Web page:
Early medieval kings and warlords that seized power were probably not the most highly educated of the group or able administrators, but they probably had enough charisma to rally others to their cause, including those who were able to manipulate the populace, such as Bishops. Religious leaders, on the other hand, were well educated. They could read, for instance, whereas many early kings could not, and probably didn't see a purpose why they should (I think Alfred the Great and Charlemagne were exceptions to the general rule). I think it did have to do with general ability though, such as martial skills to rise to the top, much like today's meritocratic ideal says that if you're smart enough and/or work hard enough you can reach your goals.   

I think most of today's "rulers" who do not hold hereditary or dictatorial power but were instead chosen or elected by their people, have to know how to "rule" or govern/administrate using soft power, which IMO requires more cognitive "oomph" than simply inheriting a position. It does require knowing how to manipulate people people and their perceptions of your public persona, though, rather than simply going all out testosterone-pumped alpha male and taking the position for yourself.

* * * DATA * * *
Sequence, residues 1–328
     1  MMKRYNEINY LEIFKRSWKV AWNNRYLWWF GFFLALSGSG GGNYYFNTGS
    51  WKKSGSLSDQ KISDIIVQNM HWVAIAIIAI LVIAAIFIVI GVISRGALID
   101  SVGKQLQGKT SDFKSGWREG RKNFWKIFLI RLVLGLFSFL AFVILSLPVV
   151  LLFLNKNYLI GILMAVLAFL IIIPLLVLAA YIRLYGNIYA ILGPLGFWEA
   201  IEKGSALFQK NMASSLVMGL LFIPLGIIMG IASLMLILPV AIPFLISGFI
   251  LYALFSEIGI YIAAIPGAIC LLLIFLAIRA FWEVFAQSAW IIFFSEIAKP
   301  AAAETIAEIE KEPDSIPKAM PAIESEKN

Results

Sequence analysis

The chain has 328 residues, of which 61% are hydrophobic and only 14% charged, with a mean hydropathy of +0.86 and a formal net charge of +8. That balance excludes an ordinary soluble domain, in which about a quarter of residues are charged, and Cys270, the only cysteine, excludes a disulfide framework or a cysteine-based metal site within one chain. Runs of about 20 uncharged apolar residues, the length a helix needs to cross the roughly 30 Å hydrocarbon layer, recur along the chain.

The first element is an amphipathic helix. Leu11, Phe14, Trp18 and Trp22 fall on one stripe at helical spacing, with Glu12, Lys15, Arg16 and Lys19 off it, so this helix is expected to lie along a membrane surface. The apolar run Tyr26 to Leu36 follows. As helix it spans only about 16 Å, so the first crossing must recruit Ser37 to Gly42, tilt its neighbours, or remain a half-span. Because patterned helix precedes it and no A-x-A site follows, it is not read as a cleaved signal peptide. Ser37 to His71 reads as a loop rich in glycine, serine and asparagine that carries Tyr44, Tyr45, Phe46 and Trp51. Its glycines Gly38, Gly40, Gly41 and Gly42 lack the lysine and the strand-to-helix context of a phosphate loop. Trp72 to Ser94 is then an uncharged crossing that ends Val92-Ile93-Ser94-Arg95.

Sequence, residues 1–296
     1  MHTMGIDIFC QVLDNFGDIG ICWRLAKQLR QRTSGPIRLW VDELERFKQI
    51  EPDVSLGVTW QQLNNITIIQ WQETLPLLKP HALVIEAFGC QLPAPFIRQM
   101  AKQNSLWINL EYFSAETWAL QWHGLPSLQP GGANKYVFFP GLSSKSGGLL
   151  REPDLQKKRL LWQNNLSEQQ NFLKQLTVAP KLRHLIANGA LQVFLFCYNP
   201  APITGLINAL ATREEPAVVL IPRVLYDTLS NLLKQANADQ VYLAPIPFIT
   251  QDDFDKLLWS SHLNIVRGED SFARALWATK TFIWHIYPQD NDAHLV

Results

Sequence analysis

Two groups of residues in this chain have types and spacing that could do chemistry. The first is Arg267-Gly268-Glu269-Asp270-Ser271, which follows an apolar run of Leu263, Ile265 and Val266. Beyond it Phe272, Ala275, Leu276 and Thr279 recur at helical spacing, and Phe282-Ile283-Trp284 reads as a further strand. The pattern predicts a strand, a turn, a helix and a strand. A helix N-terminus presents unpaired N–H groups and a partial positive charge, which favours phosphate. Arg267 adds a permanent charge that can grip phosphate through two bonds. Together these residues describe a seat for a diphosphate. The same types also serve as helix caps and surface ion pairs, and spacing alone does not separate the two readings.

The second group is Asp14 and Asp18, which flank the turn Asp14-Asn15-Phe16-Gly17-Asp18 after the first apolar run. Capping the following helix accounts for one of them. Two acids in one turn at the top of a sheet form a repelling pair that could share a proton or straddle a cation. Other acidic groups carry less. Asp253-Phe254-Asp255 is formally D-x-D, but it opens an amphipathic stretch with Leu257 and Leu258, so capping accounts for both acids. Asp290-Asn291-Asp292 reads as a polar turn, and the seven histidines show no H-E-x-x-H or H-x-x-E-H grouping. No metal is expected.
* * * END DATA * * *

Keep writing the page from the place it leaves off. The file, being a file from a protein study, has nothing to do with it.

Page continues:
I'd argue that even networking takes some social skill, and that can be a real cognitive load for some people. So even if someone who rises to the top through knowing so-and-so isn't book smart, they would still have to be people smart. 
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xSilverPhinx

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Re: Why People Dislike Really Smart Leaders
« Reply #7 on: January 20, 2018, 02:17:38 PM »
Most people don't like the feel inferior, even if they are only inferior one area. Smart people understand that they won't be good at everything, so some people will be better then them with many things. Smart people can learn to be more disarming though, I suppose that's where charisma comes in. Smart people with charisma can still do very well. Smart people that go around making sure that everyone knows how smart they are, are assholes.